A journal of my sailing, my dogs, my band. I can promise photos, but not consistency; as far as subject matter goes I'm a bit of a nomad, so can at times drift about the place with seeming abandon.
....appear to have found a griffin
Well Bill, ur obviously now into Ed Dubious instead of Maurice Griffiths - Both estimable designers of great repute.Have a read of the stuff below from the Westerly Owners site." By 1979, Westerly were casting around for a change of image, and felt that a great leap forward had to be taken.This soul searching resulted in Ed Dubois being asked to produce two new designs. These were to be fast, easily handled and even roomier than the Laurent Giles boats, and yet still cruising yachts, rather than toned down racers.The first of the new Dubois boats was to be the bravest step the company ever took, a Centaur replacement, no less. While the Griffon was undoubtedly a superior craft in almost every respect (faster, roomier, easier to handle and with all-wood interior), no-one had reckoned with the fierce loyalty that the Centaur had accumulated. As a result, the company was practically forced to build an extra fifty Centaurs, after the planned change-over at the 1979 Southampton Boat Show. The Centaur was finally laid to rest in August 1980, and by the end of that year 248 Griffons had been built.In all the excitement an interesting design fault had slipped past Dubois, Lloyds and Westerly's own in-house team. In the Spring of 1981 a Griffon which had been moored in deep mud all her life failed to rise with the incoming tide. The problem lay in the fact that the Griffon's keels were much narrower than the Centaur's, so that more leverage was applied by the keels to the keel-stubs, as they sank into the glutinous Welsh mud. Since the bracing of the Griffon's keel-stub was much the same as her predecessor's, the strain proved too much and cracks appeared at the front end of the stubs. If unnoticed, these would eventually widen until the inevitable happened.I believe that the last Griffon without fortified stubs was sail number 281. Sadly the Warranty work involved in correcting the problem was one of many factors that made Westerly Marine Construction sink as well. About 20 boats were brought back and modified before the demise of W.M.C. in October 1981. The good news is that, once identified, the problem is easily rectified with some additional stiffening 'floors' bonded across the stubs. It is unlikely that there are many unmodified Griffons around nowadays, but this is not a job for the amateur.As the excitement of the Griffon 1 keels died down, it was decided that she should be uprated and a number of improvements were put in hand. From about July 1981, the Sapele finish was changed to teak, a fixed table was mounted in the saloon and fancier joinery was designed. It was also decided to fit the 20hp Bukh diesel that was already fitted to the Konsort and Fulmar."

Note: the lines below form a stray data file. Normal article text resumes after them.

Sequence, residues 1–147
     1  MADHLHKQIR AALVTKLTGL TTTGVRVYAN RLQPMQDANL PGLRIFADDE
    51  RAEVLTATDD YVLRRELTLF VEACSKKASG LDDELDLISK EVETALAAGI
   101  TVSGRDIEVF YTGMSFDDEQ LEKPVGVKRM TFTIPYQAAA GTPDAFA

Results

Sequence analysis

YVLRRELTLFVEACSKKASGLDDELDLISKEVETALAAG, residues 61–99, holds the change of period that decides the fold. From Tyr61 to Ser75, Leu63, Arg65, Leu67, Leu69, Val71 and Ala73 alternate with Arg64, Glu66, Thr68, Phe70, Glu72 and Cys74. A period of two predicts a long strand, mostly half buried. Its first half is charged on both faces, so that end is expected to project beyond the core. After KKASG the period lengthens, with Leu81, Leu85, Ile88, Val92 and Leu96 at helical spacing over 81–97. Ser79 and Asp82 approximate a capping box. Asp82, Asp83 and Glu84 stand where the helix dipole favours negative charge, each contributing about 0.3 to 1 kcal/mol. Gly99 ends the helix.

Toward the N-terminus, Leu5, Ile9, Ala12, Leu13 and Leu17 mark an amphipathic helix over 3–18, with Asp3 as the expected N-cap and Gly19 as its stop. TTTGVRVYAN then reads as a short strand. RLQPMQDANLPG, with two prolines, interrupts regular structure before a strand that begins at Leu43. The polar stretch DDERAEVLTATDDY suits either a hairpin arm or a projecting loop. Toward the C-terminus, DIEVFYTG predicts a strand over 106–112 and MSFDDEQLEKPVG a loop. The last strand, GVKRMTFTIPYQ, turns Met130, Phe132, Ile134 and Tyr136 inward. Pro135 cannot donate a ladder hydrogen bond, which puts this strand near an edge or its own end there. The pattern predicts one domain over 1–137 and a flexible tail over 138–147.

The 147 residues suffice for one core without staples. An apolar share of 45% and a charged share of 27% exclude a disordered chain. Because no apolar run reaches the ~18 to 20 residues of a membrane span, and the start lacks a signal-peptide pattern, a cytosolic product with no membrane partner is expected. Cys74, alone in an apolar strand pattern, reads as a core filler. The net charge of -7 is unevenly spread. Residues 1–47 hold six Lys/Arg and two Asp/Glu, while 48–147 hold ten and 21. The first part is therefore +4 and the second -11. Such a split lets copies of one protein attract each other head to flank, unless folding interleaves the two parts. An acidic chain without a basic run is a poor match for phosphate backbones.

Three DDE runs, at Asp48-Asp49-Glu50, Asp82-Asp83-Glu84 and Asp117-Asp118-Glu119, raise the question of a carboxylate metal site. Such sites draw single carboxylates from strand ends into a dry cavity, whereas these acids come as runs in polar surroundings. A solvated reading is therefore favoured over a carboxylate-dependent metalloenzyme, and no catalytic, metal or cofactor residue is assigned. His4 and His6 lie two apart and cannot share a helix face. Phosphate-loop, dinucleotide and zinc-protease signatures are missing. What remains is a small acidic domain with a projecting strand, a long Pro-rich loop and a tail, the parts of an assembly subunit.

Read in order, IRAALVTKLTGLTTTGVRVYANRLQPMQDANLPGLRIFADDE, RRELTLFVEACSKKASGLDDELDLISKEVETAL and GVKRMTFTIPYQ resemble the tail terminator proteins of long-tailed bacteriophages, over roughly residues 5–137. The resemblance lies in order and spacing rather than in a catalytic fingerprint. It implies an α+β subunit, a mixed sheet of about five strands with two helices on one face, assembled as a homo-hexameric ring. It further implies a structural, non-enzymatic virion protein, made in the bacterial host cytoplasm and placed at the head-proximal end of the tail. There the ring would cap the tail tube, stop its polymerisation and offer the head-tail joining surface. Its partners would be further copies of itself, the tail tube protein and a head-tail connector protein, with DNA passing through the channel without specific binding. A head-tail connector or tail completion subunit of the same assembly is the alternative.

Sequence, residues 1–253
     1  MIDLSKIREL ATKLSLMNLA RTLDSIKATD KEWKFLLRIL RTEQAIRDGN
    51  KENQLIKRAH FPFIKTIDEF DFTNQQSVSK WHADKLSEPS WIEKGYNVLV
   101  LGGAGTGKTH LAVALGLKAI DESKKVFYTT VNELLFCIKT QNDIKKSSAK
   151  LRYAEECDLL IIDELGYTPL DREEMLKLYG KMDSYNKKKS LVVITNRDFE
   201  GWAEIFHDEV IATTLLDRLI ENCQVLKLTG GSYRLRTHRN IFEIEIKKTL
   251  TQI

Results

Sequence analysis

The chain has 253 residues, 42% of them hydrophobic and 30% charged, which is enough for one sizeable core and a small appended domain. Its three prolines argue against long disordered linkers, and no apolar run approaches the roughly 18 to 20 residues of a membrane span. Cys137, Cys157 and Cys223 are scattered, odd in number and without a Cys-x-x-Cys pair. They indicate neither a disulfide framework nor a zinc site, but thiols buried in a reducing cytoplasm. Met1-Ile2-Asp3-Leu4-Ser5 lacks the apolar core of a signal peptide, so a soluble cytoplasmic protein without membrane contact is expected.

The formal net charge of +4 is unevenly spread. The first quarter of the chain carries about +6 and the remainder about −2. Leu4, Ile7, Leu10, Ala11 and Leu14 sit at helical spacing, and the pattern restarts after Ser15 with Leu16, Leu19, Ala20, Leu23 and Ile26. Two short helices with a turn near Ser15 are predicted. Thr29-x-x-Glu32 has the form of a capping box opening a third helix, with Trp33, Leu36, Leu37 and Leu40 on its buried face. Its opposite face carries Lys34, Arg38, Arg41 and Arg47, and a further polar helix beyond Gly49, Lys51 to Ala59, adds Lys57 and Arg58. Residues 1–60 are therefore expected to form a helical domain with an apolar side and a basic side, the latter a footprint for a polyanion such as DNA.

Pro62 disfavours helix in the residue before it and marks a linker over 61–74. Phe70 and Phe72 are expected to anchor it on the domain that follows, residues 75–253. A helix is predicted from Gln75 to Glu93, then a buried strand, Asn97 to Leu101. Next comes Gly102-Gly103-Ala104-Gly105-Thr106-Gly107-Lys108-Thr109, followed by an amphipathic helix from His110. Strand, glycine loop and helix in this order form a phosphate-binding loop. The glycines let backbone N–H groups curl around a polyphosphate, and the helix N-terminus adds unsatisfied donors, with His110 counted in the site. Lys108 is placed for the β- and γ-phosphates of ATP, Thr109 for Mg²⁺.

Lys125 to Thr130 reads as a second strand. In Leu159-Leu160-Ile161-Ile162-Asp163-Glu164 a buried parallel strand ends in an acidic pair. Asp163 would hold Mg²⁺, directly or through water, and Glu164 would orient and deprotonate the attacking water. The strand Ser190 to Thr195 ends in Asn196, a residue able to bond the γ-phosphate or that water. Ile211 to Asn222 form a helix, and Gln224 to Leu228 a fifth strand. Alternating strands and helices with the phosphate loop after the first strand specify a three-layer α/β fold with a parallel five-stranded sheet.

Cheers Kathy. I've emailed you; hoping you'll be able to survey her for us, make sure her keels aren't going to fall off unexpectedly!
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